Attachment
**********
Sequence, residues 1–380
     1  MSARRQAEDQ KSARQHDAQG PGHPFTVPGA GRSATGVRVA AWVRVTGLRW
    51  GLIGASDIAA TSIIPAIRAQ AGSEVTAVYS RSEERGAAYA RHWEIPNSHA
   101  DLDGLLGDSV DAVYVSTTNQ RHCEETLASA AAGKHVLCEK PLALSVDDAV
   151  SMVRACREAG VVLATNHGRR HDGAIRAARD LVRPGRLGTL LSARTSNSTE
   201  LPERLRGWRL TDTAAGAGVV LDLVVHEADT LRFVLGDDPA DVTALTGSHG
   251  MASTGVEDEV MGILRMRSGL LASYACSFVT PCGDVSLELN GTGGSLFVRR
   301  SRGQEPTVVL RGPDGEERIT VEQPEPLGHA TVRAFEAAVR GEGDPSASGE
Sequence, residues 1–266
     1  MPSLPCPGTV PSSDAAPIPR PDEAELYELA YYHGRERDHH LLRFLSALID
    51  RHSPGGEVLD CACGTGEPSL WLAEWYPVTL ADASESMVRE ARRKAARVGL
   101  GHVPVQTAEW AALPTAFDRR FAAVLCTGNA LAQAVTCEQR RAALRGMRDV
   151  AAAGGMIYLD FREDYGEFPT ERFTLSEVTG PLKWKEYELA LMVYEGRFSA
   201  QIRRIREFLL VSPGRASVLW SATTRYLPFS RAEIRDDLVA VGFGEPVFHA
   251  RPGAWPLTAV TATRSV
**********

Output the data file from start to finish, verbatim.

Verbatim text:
Sequence, residues 1–380
     1  MSARRQAEDQ KSARQHDAQG PGHPFTVPGA GRSATGVRVA AWVRVTGLRW
    51  GLIGASDIAA TSIIPAIRAQ AGSEVTAVYS RSEERGAAYA RHWEIPNSHA
   101  DLDGLLGDSV DAVYVSTTNQ RHCEETLASA AAGKHVLCEK PLALSVDDAV
   151  SMVRACREAG VVLATNHGRR HDGAIRAARD LVRPGRLGTL LSARTSNSTE
   201  LPERLRGWRL TDTAAGAGVV LDLVVHEADT LRFVLGDDPA DVTALTGSHG
   251  MASTGVEDEV MGILRMRSGL LASYACSFVT PCGDVSLELN GTGGSLFVRR
   301  SRGQEPTVVL RGPDGEERIT VEQPEPLGHA TVRAFEAAVR GEGDPSASGE
Sequence, residues 1–266
     1  MPSLPCPGTV PSSDAAPIPR PDEAELYELA YYHGRERDHH LLRFLSALID
    51  RHSPGGEVLD CACGTGEPSL WLAEWYPVTL ADASESMVRE ARRKAARVGL
   101  GHVPVQTAEW AALPTAFDRR FAAVLCTGNA LAQAVTCEQR RAALRGMRDV
   151  AAAGGMIYLD FREDYGEFPT ERFTLSEVTG PLKWKEYELA LMVYEGRFSA
   201  QIRRIREFLL VSPGRASVLW SATTRYLPFS RAEIRDDLVA VGFGEPVFHA
   251  RPGAWPLTAV TATRSV